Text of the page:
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Downtown traffic crawls toward solution
By JACINDA HOWARD, The Mirror
The public will have a chance April 9 to weigh in on solutions to alleviate downtown traffic through the year 2035.
The city will host an open house as a way to gather comments and public input on the City Center Access Project, which could alter the way drivers access downtown Federal Way by relocating the current Interstate 5 on- and off-ramps at South 320th Street.
Those who attend the open house can review three possible traffic solutions as well as voice concerns.
We will be asking the public for their opinions, senior traffic engineer Maryanne Zukowski said. If they are concerned about where the roads are going to go, they should come to the meeting.
The City Center Access Project began in 2003 with the purpose of relieving congestion and providing traffic safety near South 320th Street. Since that time, a stakeholders team comprised of concerned citizens narrowed 47 possible solutions to three final options.
There is a high level of frustration with the movement of traffic in Federal Way, resident and stakeholder Lisa Tinsley said.
Each person who attends the open house will have the opportunity to view a large-scale map of the three options for moving traffic around South 320th Street, ask questions, talk with city staff members, submit comments on the project and vote on a logo to identify the road construction as city center access work.
Most people dont get a chance to speak up until they see something getting built, Zukowski aid. This is their chance to speak up.
Business and property owners, residents in apartment complexes and Belmor Mobile Home Park Golf and Country Club could all be affected by the project, Zukowski said. The options could require the city to build on land now owned by residents, so having an awareness of what is on that land, such as a drinking well, is necessary, Zukowski said.
The scoping process will assist the city in choosing one of the three traffic alternatives.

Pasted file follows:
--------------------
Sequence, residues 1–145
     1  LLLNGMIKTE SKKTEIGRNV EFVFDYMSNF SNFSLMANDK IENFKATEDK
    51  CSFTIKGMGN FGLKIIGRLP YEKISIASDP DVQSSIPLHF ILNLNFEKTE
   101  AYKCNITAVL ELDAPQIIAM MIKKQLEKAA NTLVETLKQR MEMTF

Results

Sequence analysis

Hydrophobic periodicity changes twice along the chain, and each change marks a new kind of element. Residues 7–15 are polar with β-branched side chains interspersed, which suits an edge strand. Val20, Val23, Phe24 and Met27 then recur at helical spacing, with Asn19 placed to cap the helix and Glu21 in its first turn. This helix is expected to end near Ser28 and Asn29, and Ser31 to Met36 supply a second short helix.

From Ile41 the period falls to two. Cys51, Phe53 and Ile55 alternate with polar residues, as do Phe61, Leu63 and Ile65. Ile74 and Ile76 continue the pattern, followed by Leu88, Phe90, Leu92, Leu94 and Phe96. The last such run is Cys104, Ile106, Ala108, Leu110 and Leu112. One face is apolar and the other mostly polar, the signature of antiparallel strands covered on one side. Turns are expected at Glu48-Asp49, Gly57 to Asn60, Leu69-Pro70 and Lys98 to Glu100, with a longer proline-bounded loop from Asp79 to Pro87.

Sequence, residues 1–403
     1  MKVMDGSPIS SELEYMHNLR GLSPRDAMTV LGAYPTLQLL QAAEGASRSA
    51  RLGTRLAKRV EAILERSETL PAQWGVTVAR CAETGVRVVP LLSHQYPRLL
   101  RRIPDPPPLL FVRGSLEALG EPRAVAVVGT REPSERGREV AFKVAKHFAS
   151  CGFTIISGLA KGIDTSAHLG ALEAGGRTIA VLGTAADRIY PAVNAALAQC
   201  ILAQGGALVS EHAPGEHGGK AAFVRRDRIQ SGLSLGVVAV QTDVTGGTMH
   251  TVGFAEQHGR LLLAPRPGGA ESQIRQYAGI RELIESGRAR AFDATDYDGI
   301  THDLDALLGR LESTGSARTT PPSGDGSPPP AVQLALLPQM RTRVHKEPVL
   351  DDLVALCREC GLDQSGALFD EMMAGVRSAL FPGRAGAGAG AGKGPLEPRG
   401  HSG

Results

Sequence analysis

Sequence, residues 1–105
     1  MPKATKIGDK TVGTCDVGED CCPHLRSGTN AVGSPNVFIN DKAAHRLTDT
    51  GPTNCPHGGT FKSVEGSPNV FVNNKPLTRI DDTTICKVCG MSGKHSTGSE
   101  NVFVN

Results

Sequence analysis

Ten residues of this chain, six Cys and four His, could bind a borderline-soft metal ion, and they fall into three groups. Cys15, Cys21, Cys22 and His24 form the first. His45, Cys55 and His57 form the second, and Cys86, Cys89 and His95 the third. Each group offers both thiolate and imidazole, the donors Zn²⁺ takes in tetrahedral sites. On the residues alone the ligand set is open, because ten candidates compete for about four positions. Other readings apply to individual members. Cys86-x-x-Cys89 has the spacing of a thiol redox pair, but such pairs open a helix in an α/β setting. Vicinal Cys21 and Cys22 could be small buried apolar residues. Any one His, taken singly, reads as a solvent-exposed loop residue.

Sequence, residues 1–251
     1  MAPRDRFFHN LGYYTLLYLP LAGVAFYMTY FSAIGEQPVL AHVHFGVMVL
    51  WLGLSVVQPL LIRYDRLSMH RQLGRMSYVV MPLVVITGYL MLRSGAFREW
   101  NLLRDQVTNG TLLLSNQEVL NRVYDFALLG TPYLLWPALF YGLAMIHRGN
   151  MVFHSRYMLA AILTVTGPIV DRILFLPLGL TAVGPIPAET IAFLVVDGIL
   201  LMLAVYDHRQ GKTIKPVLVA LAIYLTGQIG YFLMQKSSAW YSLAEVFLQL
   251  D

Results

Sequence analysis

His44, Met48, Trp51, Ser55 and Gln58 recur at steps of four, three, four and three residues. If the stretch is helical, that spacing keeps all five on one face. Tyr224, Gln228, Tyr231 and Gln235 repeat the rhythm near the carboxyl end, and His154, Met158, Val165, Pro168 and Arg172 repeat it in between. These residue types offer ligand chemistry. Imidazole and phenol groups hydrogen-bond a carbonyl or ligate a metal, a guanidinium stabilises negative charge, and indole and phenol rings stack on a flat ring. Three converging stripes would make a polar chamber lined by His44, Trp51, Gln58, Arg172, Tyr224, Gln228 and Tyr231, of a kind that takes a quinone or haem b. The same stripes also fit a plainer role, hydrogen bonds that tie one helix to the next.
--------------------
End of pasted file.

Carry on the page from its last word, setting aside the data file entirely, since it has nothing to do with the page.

Right now we are really exploring (the options), Tinsley said.
Option one, also referred to as the North City Center alternative, offers traffic relief through the relocation of the Interstate 5 on- and off-ramps at South 320th Street. The ramps would be moved to allow freeway drivers to instead exit at South 312th Street.
Option two, referred to as South City Center alternative, involves modifying the layout of South 324th Street. In this case, Interstate 5 on- and off-ramps would be relocated from South 320th Street to South 324th Street.
The third option, referred to as the no-build alternative, is to retain South 320th Street on and off-ramps and widen the freeway overpass at the citys main access point. An additional overpass would be added at South 312th Street and a roadway extension at 32nd Avenue South would be constructed.
Everything is equal on the table, even the no-build option, Zukowski said.
The city council approved the project and the options in May 2007. A consultant was hired in January 2008 to further research the options and assess their impacts on residents and the environment. Concerns brought up at the open house will be further studied in the consultants environmental assessment. Just because one option is less expensive does not mean it is the best solution to the problem, Zukowski said.
Together, public input, staff research and the consultants assessment will help determine which option will provide the most long-term benefits relative to cost.
The public is a traffic engineer too because they drive (the citys roads), Zukowski said.
Contact Jacinda Howard: email@example.com or (253) 925-5565.
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The open house will take place from 4 p.m. to 7 p.m. April 9 at City Hall, 33325 8th Ave. S. It is part of a scoping process that will allow for citizens comments and continue through April 23. To learn more about the City Center Access Project visit the Citys Web site at www.cityoffederalway.com.